How the US government shutdown affects aviation

Photo: © AFGE

The ongoing partial government shutdown is already the longest shutdown in the US history with a duration of 22 days – and there is currently no end in sight.

In the meantime, federal employees won’t be paid until the end of the shutdown. Many workers have been furloughed, whereas some remain on the job without pay. As many workers in the aviation industry are employed by the government, the aviation business is also affected by the government shutdown.

Air traffic controllers

Air traffic controllers, who are employees of the US Federal Aviation Administration (FAA) and therefore employed by the government, are considered as essential and have to continue to work during the shutdown, even without receiving money. In reaction to that, the National Air Traffic Controllers Association (NATCA) filed a lawsuit on behalf of its members who have not been paid for their work. NATCA seeks an order requiring the government to pay its members for the work they have performed as well as liquidated damages.

As a result of the partial shutdown, the training process for new air traffic controllers has been halted, although they are desperately needed. Nearly one in five of fully certified controllers are eligible to retire this year, NATCA emphasized in a statement.

This staffing crisis is negatively affecting the National Airspace System, and the shutdown almost certainly will make a bad situation worse. Even before the shutdown, controllers have needed to work longer and harder to make up for the staffing shortfall. Paul Rinaldi, NATCA President

Safety inspectors

While air traffic controllers continue to work, many FAA safety inspectors have been furloughed. Their responsibilities include inspecting plane repairs or investigating accidents. Nevertheless, safety inspectors are deemed by the government as non-essential during the shutdown.

The FAA said in a statement that it is limiting investigations to “major accidents involving significant casualties and certain other accidents when failure to proceed with the investigation creates a significant risk to transportation safety” and added “if we identify an issue, we recall inspectors and engineers to address it.“ To meet all safety critical functions, the FAA says it is allocating resources based on risk assessment.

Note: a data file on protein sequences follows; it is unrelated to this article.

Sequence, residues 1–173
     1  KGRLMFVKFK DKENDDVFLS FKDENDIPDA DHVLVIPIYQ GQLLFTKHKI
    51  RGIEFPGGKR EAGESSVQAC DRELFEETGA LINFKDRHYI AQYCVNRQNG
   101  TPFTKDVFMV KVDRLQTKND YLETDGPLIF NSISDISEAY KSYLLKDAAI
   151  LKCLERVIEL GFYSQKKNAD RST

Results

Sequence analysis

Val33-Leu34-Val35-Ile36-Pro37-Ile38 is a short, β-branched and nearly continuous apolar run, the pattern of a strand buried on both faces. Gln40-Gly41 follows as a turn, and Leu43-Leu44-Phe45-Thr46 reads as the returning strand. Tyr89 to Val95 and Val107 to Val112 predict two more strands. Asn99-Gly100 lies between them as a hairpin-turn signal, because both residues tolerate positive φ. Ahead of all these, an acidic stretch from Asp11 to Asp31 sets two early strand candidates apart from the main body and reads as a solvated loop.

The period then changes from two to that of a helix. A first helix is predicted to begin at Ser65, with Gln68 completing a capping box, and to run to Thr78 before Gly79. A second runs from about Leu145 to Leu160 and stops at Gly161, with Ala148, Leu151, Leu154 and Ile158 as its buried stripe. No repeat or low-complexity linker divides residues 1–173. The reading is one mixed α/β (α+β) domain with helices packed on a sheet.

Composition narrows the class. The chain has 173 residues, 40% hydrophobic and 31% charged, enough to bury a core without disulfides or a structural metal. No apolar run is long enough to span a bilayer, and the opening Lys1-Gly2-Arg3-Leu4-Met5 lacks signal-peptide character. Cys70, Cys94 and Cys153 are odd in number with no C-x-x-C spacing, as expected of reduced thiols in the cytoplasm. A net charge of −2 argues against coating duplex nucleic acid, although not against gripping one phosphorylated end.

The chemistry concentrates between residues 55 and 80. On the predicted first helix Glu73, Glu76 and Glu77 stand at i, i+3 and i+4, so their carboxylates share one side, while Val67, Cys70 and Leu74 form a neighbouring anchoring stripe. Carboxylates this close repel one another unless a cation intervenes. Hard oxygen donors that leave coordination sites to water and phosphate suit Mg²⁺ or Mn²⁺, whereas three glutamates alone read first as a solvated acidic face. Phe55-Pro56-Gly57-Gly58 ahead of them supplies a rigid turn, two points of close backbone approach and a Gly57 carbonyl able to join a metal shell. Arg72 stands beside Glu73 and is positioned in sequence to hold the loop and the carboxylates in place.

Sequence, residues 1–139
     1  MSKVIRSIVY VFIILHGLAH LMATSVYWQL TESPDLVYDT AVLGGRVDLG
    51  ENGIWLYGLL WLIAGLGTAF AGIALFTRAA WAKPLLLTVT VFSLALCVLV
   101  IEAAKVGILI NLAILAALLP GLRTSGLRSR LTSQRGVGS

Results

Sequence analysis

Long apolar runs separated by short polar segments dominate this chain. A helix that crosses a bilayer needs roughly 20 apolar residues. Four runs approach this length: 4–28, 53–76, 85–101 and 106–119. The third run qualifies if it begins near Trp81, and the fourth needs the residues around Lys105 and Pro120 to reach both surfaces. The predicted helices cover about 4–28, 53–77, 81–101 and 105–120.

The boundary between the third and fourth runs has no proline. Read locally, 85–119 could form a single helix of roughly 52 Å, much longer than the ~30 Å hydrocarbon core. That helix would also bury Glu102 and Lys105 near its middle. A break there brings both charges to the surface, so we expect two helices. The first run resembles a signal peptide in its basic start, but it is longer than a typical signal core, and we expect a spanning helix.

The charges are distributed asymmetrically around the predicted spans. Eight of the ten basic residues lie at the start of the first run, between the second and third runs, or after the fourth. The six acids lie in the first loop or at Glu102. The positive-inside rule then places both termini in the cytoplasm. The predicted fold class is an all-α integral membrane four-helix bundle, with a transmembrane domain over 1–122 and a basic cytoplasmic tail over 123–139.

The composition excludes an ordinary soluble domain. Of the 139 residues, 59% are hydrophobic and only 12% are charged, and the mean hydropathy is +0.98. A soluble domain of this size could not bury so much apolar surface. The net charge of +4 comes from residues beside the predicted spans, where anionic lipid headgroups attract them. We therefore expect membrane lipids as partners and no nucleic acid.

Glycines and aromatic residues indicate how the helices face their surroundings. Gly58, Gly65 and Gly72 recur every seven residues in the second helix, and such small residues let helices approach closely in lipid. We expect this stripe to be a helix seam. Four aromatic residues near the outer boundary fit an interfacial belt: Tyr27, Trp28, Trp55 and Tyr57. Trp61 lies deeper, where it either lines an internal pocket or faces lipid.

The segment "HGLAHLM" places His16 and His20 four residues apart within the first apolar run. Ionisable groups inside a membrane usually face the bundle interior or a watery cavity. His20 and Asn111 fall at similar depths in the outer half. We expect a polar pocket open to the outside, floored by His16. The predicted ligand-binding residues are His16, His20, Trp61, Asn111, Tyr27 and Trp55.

Registration & certification process

Meanwhile, the registration and certification process has been limited due to the partial government shutdown.

Silver Airways, the US operator of the ATR 42-600 aircraft, had to ground its brand new turboprop airplanes shortly after delivery while waiting for the final FAA certification. Additionally, the punctual introduction of Delta’s Airbus A220-100 aircraft type is at risk, because the FAA inspectors can’t finish the certification process during the shutdown. Inaugural flights were scheduled for January 31.

According to a report from the Los Angeles Times, Southwest Airline’s planned flights to Hawaii have been delayed due to the partial shutdown. The airline initially intended to start its Hawaii operations in the first half of 2019.

Medical certification

As it was the case in past shutdowns, the FAA’s medical certification operations will stop. Pilots will have to wait until the shutdown is over to receive their medical certificates from the FAA. Aviation medical examiners (AME), however, may still issue certificates to qualified pilots at the time of a regular FAA physical exam.

Security Checks

The Transportation Security Administration (TSA) is part of the Department of Homeland Security. Its employees, as well as CBP (Customers and Border Protection) personnel, are considered as essential to security and work without pay at the moment.

In recent days, it has been reported that many screeners have called in sick in growing numbers, resulting in longer than usual waiting times at airport security checks.


To summarize, the American aviation business is already heavily affected by the partial government shutdown. However, even more significant impacts on both the daily and long-term operations are possible, if the shutdown by the Trump administration continues. This is a political conflict that is seriously risking the safety and reliability of commercial aviation and everyday flights.